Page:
OLYMPIA — If the location of historical Native American burial grounds is known, those sites are vulnerable to looting. But if the sites are kept secret, they’re vulnerable to damage by unwitting developers building over them.
A bill attempting to address that paradox was heard Tuesday before the House committee in charge of tribal affairs and community development. HB 2274 would exempt archaeological information on cultural places from public records requests.
Rep. Lillian Ortiz-Self (D-Everett), a bill sponsor, called the bill a cost-saving measure that would give tribes assurance their information won’t be misused if they share it with local governments and building permit seekers.
“We want to give the information to the right people, and not to the people who would use it as a treasure map,” Dr. Allyson Brooks said, speaking in favor of the bill on behalf of the state Department of Archaeology and Historic Preservation.
Brooks said “a safe place” is needed for tribes and local government to share information so that developers can know where burial sites may be before damaging them.
Testifying for the bill, Ruth Jim of the Confederated Tribes of Yakama said Native Americans had roamed all over the state, not always documenting where graves were located.
“Most of our knowledge is handed down verbally and you keep it in your heart,” Jim said.
She gave an example of a young woman from Utah who shared information with a tribe gathering about a burial site, which was later desecrated after a recording of the gathering was posted online.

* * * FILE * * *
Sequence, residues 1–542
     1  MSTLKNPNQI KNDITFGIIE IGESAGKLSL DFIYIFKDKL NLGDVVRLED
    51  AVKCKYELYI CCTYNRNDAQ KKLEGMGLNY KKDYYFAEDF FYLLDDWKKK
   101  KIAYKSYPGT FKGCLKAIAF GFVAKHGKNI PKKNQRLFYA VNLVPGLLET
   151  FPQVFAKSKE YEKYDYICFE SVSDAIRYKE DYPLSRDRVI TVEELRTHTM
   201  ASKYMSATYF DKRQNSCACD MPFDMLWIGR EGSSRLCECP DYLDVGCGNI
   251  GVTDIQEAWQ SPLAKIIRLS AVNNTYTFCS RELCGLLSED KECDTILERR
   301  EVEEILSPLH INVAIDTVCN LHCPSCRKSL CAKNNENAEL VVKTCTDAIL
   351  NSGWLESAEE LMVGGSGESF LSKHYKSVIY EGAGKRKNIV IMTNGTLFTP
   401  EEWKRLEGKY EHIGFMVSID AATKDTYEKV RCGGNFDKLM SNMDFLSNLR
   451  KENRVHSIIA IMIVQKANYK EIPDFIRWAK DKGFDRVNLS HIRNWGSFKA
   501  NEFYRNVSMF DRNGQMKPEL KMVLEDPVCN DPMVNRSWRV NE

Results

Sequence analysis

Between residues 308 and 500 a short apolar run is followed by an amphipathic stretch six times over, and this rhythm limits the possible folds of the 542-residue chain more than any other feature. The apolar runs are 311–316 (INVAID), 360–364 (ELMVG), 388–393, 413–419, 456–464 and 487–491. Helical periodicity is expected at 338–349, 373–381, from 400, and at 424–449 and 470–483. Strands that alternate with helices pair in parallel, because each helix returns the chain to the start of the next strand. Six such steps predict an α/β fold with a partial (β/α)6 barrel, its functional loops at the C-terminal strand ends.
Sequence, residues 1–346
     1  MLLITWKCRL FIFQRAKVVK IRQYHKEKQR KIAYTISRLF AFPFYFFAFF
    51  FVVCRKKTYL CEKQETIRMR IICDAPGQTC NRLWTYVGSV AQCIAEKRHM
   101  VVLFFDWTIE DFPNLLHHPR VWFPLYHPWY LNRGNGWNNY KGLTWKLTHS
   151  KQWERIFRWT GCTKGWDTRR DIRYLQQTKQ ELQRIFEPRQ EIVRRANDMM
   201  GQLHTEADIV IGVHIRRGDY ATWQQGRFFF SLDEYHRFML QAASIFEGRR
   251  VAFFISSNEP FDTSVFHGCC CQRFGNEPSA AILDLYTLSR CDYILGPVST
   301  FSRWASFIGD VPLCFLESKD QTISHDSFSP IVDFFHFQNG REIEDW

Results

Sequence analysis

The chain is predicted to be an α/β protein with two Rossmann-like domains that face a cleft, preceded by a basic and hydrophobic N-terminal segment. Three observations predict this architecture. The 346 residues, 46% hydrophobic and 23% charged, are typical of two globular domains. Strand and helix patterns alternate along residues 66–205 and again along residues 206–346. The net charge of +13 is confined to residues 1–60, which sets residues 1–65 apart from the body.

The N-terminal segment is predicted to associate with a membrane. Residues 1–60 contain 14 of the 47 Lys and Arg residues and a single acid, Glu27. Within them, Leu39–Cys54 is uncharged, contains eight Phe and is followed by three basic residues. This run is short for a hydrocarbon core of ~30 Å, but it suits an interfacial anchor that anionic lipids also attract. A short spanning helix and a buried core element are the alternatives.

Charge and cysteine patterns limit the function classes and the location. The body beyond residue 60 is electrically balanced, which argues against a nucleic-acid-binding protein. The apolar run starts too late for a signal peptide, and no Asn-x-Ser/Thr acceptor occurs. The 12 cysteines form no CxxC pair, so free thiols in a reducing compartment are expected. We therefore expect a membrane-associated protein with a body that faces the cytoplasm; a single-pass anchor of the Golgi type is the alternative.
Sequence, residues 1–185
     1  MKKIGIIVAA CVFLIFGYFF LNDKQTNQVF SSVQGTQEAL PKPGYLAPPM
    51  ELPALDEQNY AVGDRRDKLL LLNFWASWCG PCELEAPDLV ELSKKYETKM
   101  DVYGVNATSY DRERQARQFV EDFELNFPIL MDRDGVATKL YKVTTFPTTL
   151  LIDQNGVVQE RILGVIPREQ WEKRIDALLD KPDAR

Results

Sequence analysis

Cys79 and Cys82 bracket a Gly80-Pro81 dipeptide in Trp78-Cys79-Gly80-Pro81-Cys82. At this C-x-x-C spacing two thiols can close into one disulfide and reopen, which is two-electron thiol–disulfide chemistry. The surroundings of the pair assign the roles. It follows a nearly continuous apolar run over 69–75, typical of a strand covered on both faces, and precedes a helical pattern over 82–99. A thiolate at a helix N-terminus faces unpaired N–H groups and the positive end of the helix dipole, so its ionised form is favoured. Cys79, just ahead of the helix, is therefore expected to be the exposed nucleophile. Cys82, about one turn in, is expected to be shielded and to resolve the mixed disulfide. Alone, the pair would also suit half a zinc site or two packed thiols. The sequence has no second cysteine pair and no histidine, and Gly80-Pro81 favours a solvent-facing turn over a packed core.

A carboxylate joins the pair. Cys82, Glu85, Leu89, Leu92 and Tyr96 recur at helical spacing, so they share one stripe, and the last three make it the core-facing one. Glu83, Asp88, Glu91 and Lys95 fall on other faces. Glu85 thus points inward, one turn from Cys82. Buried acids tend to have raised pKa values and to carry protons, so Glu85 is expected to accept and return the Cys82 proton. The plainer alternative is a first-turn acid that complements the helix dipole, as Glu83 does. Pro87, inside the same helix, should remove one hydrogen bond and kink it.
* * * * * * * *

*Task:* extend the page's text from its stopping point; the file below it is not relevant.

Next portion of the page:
A spokesperson for the Association of Washington Cities said cities were “caught between a rock and a hard place” by assuring tribes their information would be safe, while at the same time being subject to public record requests. He said cities are trying to create databases of possible burial sites and streamline permit processing.
Some committee members expressed confusion about the bill’s intent.
“We’re trying to increase transparency, not decrease it,” said Rep. Jeff Holy, R-Cheney, suggesting that the bill go before the Sunshine Committee. Rowland Thompson of Allied Daily Newspapers did not testify for or against the bill, but said it should be drafted more specifically.
“It says ‘any information’ and it says ‘any agency’ without qualification,” Thompson said. “We’re talking about schools and museums too when you say any agency.”
“You need to tie it to that database if that’s what you’re trying to protect,” he said.
Dawn Vyvyan of the Yakama Nation said the bill is needed.
“Currently, the only way that everything’s protected is if a plow comes in and destroys it,” she said.
“There’s a huge black market out there and it’s worldwide,” she said. Grant County PUD supports the bill as it’s currently written.
“Experience really shows that if those culturally sensitive sites are published, they run a danger of being disturbed,” Tom Stredwick said, a spokesperson for Grant PUD.
He said it was very important to them to protect the many sites along the Columbia River.